For 50 years, Lincoln University’s nursing school has produced outstanding nurses in our community.
photos provided by Lincoln University
In the fall of 1969, Lincoln University’s first-ever nursing students were welcomed to the school by Helen L. Monroe. Monroe, Lincoln’s first director of nursing education, was recruited from Florida to work with Jefferson City area hospital officials to create a nursing program on the Lincoln University campus. Fifty years later, it is Dr. Ann McSwain, School of Nursing dean, who continues to welcome 30 new students into Lincoln’s nursing program each and every semester.
“Sometimes I feel like this is the best kept secret on campus — and maybe in our whole community,” says McSwain. “Lincoln University’s nursing students have great pass rates on their board exams. They do just as well as the graduates from other schools, schools that may have turned away some of the students that we embrace at Lincoln, so I’m really proud. The work that the faculty do to mold and make these nurses is just amazing. They put their heart and soul into this. It makes me really proud to be a part of it all.”
McSwain herself graduated from the Lincoln University School of Nursing in 1989. After serving as assistant and associate professor for a decade while wrapping up her 24-year career at St. Mary’s Hospital, McSwain took over as department head in 2014 and currently serves as the dean. The nursing program saw another change that year — switching from a two-year associate’s degree program to a four-year bachelor’s program.
“We are all committed to better patient care,” says McSwain. “We want to make sure students graduate and go into our community as nurses and that we’re OK with them taking care of us, so we take our jobs pretty seriously. We know the day is going to come when we’re going to need nurses ourselves, and we want to make sure our community is taken care of.”
Lincoln School of Nursing graduate Crystal Morris, now an assistant professor in the program, echoes McSwain’s passion for further establishing the program’s success. “I’m able to give my expertise and knowledge back that I learned from my instructors,” says Morris. “They made me a great nurse, and now I want my students to be exceptional nurses as well.”
As was the case 50 years ago, when local hospital officials partnered with Lincoln’s leaders to create the school of nursing, the program continues to be a community effort. At least 90 percent of graduates remain in the Jefferson City area as care providers.
“We grow our own. We support our community, and our community supports us and our program,” says McSwain. “That’s just Jefferson City. We take care of each other. They helped create us. We work together in this partnership, and we provide them with the dedicated, capable staff they need.”
To mark this milestone anniversary, nursing students past and present will be honored at Lincoln University’s Nurse’s Gala on Saturday, November 2, 2019. Patients and community partners will also be part of this important celebration at The Linc. “I don’t want to downplay this,” McSwain says. “This isn’t just a celebration for Lincoln University. This is a celebration for our whole community because that’s how this program came to be — through the community and partnerships that support the program.”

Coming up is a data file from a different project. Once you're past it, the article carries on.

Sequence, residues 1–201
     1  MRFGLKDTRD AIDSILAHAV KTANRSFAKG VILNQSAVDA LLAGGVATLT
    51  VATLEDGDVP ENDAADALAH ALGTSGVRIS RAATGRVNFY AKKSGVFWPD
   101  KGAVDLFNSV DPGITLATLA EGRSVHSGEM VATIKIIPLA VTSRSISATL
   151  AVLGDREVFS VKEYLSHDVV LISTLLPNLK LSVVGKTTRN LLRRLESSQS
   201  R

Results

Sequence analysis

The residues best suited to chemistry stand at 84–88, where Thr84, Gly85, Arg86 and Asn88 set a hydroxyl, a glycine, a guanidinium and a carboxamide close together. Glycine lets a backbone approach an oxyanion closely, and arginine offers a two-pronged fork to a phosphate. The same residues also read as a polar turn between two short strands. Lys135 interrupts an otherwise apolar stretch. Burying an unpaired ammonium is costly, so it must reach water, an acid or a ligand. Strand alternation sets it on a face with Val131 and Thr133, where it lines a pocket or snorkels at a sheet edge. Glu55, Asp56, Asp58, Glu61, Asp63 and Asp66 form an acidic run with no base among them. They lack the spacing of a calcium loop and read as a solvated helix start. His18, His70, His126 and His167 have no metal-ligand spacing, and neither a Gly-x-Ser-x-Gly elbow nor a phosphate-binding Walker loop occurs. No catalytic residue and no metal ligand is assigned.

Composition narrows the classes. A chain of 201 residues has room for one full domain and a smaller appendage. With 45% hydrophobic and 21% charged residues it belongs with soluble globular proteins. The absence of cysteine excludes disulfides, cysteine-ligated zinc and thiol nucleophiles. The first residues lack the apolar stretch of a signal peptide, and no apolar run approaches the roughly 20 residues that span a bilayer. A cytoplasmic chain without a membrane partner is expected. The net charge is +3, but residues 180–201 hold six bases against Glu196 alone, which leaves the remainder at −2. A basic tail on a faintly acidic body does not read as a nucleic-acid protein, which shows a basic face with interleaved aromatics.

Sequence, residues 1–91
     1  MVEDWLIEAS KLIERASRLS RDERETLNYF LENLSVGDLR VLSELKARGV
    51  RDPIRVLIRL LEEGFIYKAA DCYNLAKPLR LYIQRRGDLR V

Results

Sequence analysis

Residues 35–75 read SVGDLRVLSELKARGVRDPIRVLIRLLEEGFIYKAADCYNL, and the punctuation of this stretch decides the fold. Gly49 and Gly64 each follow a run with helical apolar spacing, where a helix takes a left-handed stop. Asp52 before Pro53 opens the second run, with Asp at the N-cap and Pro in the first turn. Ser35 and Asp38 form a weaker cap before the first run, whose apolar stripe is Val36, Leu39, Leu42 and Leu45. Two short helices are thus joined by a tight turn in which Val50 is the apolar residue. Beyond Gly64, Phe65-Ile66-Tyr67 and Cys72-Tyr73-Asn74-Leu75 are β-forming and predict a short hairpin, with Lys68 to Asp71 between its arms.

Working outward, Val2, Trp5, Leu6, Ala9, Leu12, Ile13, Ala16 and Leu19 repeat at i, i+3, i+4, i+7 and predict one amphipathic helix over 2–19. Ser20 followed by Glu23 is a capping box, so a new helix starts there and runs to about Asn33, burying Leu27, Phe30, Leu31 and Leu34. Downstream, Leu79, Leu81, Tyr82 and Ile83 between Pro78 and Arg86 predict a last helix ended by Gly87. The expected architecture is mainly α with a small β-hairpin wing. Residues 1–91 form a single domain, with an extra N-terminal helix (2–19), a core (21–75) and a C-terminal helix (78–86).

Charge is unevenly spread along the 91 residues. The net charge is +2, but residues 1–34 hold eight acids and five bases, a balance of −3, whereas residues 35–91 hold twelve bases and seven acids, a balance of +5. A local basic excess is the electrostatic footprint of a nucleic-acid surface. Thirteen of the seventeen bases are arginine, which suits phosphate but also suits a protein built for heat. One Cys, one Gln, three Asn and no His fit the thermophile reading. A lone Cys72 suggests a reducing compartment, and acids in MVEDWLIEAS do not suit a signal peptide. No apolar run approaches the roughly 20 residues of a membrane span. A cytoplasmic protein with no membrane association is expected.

The Nurse’s Gala will also raise money to support current and future Lincoln University nursing students, many of whom have to work to support themselves or their families while paying for tuition. “Without Lincoln University, our students would be traveling elsewhere for school and not everyone would get into those programs. I hope this event helps our students understand how important this program is and how fortunate we are to have a nursing school like this here in our community.”
Also at the Nurse’s Gala will be program founder Helen Monroe’s family, including her granddaughter, Jefferson City resident Jackie Henry. “My brothers, Tyrone and Michael, and I are so excited and grateful to celebrate this amazing legacy that our grandmother began,” says Henry. “She was able to open up an avenue for others who shared her same passions to be able to pursue their dreams. Our grandmother believed we should all embrace our God-given talents. I think she really pushed her students to do just that.”
As a leader, McSwain says she draws a lot of strength and inspiration from Helen Monroe, knowing the obstacles Monroe faced creating this program in the late 1960s. Henry and her family couldn’t agree more about their grandmother’s legacy.
“Being a woman, and a woman of color, during that time was a challenge itself. But she didn’t let that get in the way of accomplishing her goal,” says Henry. “People on and off campus didn’t think the nursing program would develop, let alone still be operating 50 years later. That determination, resiliency, and passion is what stands the test of time and keeps programs 50 years strong.”